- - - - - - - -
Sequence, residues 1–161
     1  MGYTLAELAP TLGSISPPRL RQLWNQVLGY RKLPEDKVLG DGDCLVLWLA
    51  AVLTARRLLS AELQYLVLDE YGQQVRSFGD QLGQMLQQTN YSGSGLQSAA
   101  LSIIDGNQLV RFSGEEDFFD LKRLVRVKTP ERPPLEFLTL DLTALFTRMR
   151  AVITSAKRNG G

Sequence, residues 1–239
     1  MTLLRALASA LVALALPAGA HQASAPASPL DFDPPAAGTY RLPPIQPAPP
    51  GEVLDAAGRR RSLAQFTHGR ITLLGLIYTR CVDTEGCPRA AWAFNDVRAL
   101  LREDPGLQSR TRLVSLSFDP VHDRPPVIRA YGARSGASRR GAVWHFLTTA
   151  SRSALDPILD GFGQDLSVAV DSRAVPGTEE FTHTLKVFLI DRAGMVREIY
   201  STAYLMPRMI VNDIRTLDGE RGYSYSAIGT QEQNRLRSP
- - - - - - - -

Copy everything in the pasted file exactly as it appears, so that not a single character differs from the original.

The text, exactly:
Sequence, residues 1–161
     1  MGYTLAELAP TLGSISPPRL RQLWNQVLGY RKLPEDKVLG DGDCLVLWLA
    51  AVLTARRLLS AELQYLVLDE YGQQVRSFGD QLGQMLQQTN YSGSGLQSAA
   101  LSIIDGNQLV RFSGEEDFFD LKRLVRVKTP ERPPLEFLTL DLTALFTRMR
   151  AVITSAKRNG G

Sequence, residues 1–239
     1  MTLLRALASA LVALALPAGA HQASAPASPL DFDPPAAGTY RLPPIQPAPP
    51  GEVLDAAGRR RSLAQFTHGR ITLLGLIYTR CVDTEGCPRA AWAFNDVRAL
   101  LREDPGLQSR TRLVSLSFDP VHDRPPVIRA YGARSGASRR GAVWHFLTTA
   151  SRSALDPILD GFGQDLSVAV DSRAVPGTEE FTHTLKVFLI DRAGMVREIY
   201  STAYLMPRMI VNDIRTLDGE RGYSYSAIGT QEQNRLRSP